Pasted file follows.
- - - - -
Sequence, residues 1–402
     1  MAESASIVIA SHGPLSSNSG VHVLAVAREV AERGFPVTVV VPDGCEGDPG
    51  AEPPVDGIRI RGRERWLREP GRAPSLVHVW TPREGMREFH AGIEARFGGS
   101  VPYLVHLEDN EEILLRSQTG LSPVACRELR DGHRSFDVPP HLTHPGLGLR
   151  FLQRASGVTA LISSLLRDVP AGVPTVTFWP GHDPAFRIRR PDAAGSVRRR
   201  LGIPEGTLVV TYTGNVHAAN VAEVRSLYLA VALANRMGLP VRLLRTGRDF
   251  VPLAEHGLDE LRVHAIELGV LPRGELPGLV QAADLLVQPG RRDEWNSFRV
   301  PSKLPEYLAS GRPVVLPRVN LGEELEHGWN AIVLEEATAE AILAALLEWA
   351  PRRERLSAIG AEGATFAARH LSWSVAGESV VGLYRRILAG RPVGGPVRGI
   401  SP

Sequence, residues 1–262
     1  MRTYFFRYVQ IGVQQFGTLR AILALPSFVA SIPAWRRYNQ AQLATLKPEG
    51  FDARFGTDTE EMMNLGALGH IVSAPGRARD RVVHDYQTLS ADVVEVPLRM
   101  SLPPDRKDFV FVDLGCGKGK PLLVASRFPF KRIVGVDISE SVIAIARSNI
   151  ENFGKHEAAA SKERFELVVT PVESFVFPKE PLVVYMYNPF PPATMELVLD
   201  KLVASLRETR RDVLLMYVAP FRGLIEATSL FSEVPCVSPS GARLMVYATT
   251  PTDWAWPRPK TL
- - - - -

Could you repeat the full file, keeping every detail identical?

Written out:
Sequence, residues 1–402
     1  MAESASIVIA SHGPLSSNSG VHVLAVAREV AERGFPVTVV VPDGCEGDPG
    51  AEPPVDGIRI RGRERWLREP GRAPSLVHVW TPREGMREFH AGIEARFGGS
   101  VPYLVHLEDN EEILLRSQTG LSPVACRELR DGHRSFDVPP HLTHPGLGLR
   151  FLQRASGVTA LISSLLRDVP AGVPTVTFWP GHDPAFRIRR PDAAGSVRRR
   201  LGIPEGTLVV TYTGNVHAAN VAEVRSLYLA VALANRMGLP VRLLRTGRDF
   251  VPLAEHGLDE LRVHAIELGV LPRGELPGLV QAADLLVQPG RRDEWNSFRV
   301  PSKLPEYLAS GRPVVLPRVN LGEELEHGWN AIVLEEATAE AILAALLEWA
   351  PRRERLSAIG AEGATFAARH LSWSVAGESV VGLYRRILAG RPVGGPVRGI
   401  SP

Sequence, residues 1–262
     1  MRTYFFRYVQ IGVQQFGTLR AILALPSFVA SIPAWRRYNQ AQLATLKPEG
    51  FDARFGTDTE EMMNLGALGH IVSAPGRARD RVVHDYQTLS ADVVEVPLRM
   101  SLPPDRKDFV FVDLGCGKGK PLLVASRFPF KRIVGVDISE SVIAIARSNI
   151  ENFGKHEAAA SKERFELVVT PVESFVFPKE PLVVYMYNPF PPATMELVLD
   201  KLVASLRETR RDVLLMYVAP FRGLIEATSL FSEVPCVSPS GARLMVYATT
   251  PTDWAWPRPK TL